Canada and Populism Play

For the Canadian conservatives, the rise of Trump in the United States has brought a bitter flavor. Canadian liberal parties are swift to paint conservatives as people like Trump, favoring companies over the common Canadian. This is far away, as Andrew Scheer, the Conservative leader, pointed out, from the notion of populism even a few years ago, when the word meant fighting for the common people and against powerful business entities like corporations and banks. No wonder the Conservatives are trying to come up with new ways before trying to form the next government.

Canadian populism

Populism in Canada has a distinctly Canadian flavor. Polls conducted by The Canadian Press and Ekos Research have suggested that it is not the anti-trade or anti-immigrant nature of its southern neighbor, the United States of  America. Instead, it concerns the depleting Canadian middle class who are afraid of their future, specifically of the world their children will grow up in. The middle-class Canadians believe that things are only getting worse. Jagmeet Singh, the leader of the NDP said that there exists two Canadas: the wealthy and well-connected Canadians and the rest of the population. The former, he surmises, votes for the Liberals or Conservatives. The remaining is the target voting bloc for the NDP.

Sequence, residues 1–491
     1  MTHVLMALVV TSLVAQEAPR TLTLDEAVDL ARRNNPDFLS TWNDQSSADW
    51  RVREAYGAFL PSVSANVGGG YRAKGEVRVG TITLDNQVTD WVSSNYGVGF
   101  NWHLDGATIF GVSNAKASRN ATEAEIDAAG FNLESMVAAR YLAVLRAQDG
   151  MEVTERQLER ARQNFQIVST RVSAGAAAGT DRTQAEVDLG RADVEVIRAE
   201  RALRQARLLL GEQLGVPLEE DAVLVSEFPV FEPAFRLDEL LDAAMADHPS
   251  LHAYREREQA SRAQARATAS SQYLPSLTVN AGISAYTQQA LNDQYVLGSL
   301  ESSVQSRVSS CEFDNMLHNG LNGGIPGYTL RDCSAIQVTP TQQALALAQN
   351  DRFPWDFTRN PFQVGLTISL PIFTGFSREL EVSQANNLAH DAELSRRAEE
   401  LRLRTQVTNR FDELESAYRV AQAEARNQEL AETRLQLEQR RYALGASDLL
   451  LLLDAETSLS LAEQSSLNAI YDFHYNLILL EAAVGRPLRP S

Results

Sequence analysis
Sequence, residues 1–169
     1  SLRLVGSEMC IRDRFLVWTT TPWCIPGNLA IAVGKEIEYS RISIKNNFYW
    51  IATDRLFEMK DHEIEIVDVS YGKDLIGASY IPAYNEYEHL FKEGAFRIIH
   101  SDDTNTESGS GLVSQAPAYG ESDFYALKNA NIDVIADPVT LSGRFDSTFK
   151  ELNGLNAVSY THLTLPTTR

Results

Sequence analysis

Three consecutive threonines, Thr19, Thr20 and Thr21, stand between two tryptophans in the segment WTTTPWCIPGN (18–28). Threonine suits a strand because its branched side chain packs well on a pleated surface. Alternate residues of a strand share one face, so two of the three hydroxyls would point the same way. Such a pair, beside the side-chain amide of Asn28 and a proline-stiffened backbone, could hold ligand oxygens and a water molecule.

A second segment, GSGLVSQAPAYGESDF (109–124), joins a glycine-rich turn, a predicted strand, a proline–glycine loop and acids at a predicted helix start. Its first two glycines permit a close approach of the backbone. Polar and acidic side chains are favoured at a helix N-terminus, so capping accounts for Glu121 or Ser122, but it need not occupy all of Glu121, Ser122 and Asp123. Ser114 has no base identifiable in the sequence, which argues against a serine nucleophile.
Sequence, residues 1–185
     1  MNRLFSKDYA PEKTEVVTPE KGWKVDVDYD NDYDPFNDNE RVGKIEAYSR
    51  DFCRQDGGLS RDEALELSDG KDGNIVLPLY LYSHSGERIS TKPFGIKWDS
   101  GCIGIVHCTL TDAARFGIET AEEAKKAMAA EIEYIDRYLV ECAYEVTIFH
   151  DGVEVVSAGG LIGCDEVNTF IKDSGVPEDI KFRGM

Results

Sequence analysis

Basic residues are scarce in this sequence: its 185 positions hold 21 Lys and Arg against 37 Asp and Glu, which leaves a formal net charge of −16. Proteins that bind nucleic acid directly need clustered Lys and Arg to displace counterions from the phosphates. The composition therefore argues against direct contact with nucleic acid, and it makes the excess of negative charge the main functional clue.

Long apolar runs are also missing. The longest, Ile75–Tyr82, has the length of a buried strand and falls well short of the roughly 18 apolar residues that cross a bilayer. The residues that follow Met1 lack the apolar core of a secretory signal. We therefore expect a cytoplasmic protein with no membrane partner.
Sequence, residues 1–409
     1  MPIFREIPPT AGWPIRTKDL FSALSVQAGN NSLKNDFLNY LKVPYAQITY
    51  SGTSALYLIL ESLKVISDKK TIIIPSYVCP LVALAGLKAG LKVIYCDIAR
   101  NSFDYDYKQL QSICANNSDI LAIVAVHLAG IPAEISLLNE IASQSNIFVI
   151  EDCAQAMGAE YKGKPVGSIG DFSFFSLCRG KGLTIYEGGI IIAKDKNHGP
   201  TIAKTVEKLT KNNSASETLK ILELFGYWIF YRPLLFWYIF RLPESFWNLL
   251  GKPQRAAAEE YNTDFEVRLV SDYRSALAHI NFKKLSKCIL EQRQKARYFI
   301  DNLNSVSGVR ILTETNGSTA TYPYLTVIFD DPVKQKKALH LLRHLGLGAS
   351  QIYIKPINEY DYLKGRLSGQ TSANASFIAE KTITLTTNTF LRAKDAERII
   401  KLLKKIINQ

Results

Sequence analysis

Singh admits that he got his ideas from Bernie Sanders, the once presidential candidate in the 2016 US presidential elections. The Canadian leader has repeatedly described himself as trying to do what Sanders did. The NDP, like Sanders, is trying to attract young voters. The statistics say it all. The 2015 election witnessed the young voter turnout to be 57.1 percent, a jump of 18 percent from the previous election. A study done by Abacus, a polling firm, discovered that 43 percent of the voters who went for NDP in 2011 switched allegiance to Liberals in 2015.

No confidence in politicians

Singh, during a number of town hall meetings, soon found out the reason for the decline: people asked him a number of questions as to why politicians do not pay heed to voter problems except during election time and why even if the politician listens, replies or respond with a clear partisan outlook. This does not mean there is no counter populist effort. Efforts are being made to include issues concerning North American Free Trade Agreement with a number of partners like the US and also with China.

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